Jean Arp – Seuil aux creneaux végétaux, 1959

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© 2001 Artists Rights Society (ARS), New York/VG Bild-Kunst, Bonn. Photograph by R.H. Hensleigh.

Jean Arp

Seuil aux creneaux végétaux, 1959

Born September 16, 1886, Strasbourg, France; died June 7, 1966, Basel, Switzerland

Edition 4 of 5

Polished bronze
28 ½ x 17 ¾ x 4 inches
Gift of Rose M. Shuey, from the Collection of Dr. John and Rose M. Shuey

Arp studied at the Strasbourg School of Arts and Crafts in Weimar from 1905 to 1907 and the Academie Julian in Paris in 1908. Although Arp participated in a number of significant exhibitions in Germany and Switzerland following his studies, including the second Blaue Reiter exhibition in Munich in 1912, Arp’s mature career did not begin until after the outbreak of World War I when he moved to Zürich in 1915 and joined in the founding of the Dada movement. Together with other exiles such as the German writer Hugo Ball, the Romanian poet Tristan Tzara and the German painter Hans Richter, Arp helped launch a radical anti-establishment movement that would spread across Europe in response to the horrors and irrationalities of the war. In Zürich, Arp was a frequent contributor of abstract illustrations and humorous poetry to the Dada movement’s many publications such as Cabaret Voltaire, Dada and 391, and produced some of the Dadaists’ most significant works, including abstract biomorphic wood reliefs and influential experiments with torn paper collages created by chance arrangements. Arp later looked back on this period and remarked that the inventive disorder of Dada and the works they created intended “to destroy the swindle of reason perpetuated on man in order to restore him to his humble place in nature.”

By 1930 Arp turned to creating sculpture and found himself aligned with the practitioners of the Surrealist movement in Paris who explored chance, abstraction and the creative unconscious. Arp executed freestanding sculptures in terra-cotta, marble and bronze, and insisted that rather than “abstractions,” his sculptures were “concretions” or generations of a natural form, a distinction that emphasized the additive (rather than reductive) manner in which Arp initially modeled his sculptural forms in clay or plaster. Arp’s visual vocabulary during this fertile period is expressed in works that evoke torsos, birds, plants and other elementary organic, human and animal-like forms.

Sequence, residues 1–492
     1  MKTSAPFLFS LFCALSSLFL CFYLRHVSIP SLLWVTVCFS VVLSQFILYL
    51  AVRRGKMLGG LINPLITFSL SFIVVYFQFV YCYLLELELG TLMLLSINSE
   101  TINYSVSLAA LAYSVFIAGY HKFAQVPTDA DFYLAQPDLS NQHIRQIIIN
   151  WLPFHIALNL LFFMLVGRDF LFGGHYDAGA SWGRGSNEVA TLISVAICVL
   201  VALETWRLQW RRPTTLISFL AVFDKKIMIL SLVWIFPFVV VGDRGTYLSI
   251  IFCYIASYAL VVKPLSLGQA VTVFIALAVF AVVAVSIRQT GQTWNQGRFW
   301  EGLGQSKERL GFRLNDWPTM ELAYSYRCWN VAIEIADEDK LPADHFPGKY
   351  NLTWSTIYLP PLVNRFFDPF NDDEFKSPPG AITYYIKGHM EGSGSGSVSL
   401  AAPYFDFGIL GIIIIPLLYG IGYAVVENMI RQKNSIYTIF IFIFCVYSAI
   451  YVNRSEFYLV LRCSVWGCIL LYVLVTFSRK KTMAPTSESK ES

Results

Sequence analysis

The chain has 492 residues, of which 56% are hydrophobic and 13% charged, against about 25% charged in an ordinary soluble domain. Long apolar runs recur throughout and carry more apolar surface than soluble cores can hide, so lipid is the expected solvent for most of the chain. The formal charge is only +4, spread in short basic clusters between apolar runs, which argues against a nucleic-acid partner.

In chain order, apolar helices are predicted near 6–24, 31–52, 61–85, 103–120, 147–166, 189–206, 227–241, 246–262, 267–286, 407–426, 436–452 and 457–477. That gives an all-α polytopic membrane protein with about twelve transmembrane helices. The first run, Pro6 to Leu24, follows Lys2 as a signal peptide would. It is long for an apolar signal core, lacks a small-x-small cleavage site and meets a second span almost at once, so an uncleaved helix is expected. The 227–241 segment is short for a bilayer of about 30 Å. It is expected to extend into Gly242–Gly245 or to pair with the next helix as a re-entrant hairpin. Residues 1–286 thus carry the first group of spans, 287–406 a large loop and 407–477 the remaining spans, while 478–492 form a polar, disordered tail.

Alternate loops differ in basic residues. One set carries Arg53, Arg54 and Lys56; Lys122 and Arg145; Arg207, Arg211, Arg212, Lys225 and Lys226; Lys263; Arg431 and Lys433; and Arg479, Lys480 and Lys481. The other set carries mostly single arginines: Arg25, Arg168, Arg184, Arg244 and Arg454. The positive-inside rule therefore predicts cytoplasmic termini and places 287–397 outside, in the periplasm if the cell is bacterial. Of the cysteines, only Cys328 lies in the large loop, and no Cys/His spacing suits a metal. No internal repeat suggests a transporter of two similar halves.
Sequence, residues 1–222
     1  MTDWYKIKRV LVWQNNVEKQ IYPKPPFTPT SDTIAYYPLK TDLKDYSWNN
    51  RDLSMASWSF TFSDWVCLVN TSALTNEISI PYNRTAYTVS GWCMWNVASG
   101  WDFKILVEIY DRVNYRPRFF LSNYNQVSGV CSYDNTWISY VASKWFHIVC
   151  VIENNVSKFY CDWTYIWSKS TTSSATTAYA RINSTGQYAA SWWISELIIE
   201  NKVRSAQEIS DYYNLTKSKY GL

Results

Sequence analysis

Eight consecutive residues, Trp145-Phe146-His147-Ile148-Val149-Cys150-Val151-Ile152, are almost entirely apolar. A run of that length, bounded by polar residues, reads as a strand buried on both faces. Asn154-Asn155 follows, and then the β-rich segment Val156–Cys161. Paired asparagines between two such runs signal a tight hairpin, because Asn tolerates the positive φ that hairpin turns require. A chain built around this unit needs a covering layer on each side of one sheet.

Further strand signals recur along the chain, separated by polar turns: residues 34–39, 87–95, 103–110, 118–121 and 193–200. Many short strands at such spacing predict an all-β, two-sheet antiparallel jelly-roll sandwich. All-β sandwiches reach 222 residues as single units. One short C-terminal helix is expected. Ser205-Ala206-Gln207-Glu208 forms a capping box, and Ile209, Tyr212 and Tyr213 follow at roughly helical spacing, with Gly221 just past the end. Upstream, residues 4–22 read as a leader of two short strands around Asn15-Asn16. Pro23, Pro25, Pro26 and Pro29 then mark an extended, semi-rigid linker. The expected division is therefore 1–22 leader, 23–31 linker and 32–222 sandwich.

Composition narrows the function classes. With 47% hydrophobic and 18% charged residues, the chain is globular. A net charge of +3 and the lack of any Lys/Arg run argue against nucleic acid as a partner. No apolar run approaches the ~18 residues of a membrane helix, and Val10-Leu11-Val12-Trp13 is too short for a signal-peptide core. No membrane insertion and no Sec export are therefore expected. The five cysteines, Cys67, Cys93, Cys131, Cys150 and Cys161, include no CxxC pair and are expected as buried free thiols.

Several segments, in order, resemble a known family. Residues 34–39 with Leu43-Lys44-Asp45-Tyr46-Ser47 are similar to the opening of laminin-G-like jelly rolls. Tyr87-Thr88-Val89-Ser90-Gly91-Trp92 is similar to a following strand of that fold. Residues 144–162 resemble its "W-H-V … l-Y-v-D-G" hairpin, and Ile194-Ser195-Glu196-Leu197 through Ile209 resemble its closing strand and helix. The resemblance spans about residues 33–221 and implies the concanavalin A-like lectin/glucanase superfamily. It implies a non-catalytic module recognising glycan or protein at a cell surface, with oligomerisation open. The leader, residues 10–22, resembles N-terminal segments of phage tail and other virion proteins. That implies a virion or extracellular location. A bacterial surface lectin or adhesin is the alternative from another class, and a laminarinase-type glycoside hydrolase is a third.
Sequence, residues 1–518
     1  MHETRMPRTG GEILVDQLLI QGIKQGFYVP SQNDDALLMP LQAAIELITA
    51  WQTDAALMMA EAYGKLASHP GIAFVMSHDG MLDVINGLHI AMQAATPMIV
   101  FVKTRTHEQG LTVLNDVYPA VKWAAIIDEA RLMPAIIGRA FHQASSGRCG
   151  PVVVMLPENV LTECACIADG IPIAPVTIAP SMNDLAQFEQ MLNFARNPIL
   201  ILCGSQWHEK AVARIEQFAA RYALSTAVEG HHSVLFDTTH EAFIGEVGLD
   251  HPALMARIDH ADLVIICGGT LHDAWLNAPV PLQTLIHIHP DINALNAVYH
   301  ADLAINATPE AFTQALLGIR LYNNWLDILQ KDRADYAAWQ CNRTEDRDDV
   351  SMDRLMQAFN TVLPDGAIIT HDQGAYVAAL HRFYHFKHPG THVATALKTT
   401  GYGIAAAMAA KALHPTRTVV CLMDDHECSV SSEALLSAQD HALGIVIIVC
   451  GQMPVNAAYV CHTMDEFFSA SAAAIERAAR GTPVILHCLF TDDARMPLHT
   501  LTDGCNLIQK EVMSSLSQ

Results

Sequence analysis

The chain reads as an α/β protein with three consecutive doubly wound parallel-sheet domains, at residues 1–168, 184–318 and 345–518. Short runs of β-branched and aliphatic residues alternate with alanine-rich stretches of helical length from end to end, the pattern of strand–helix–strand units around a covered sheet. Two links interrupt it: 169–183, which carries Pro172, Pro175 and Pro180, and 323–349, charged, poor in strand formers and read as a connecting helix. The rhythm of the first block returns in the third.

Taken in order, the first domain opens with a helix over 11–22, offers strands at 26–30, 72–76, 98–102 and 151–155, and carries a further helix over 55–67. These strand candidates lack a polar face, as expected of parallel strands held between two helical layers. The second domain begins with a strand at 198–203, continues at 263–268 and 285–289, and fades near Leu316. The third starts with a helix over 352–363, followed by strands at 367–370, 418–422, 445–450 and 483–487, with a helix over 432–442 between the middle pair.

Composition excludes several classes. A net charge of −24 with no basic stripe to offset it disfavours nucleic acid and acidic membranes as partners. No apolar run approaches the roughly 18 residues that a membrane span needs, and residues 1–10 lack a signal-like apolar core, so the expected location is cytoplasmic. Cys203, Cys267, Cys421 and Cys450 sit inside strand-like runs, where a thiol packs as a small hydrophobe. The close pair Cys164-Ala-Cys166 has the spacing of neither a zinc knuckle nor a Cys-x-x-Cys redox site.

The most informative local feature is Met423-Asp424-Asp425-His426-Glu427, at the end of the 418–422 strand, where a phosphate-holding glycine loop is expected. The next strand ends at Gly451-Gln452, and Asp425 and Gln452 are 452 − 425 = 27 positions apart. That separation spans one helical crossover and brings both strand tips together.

The stunning polished bronze Arp sculpture in the Shuey Collection is from the last decade of the artist’s career, executed shortly after an important retrospective of his work was presented by the Museum of Modern Art in 1958. Seuil aux creneaux végétaux exemplifies Arp’s innovations in sculpture and harkens back to his early experiments with torn paper collages and woodcut relief. Standing two and a half feet high from its base, this work gives three­ dimensional form to Arp’s influential two-dimensional works and embodies many components of his unique visual language. An assertive, upright form, Seuil aux creneaux végétaux reads as a detached relief, liberated from its two­ dimensional plane. Punctuated by areas of cut out shapes, Seuil aux creneaux végétaux‘s poetry of solids and voids create ambiguous elementary forms that read as both organic and geometric. The work’s enigmatic title—which translates as Threshold with Plant Crenellations—further points to Arp’s interest in giving form to elemental visions of life itself. Part of a series of similarly titled sculptures, Arp viewed these works and the perforations in their forms as organic passages to new vistas not of this world.

Irene Hofmann
from Three Decades of Contemporary Art: The Dr. John and Rose M. Shuey Collection (Bloomfield Hills, MI: Cranbrook Art Museum, 2001)
Category(s): Sculpture

Decade(s): 1950s

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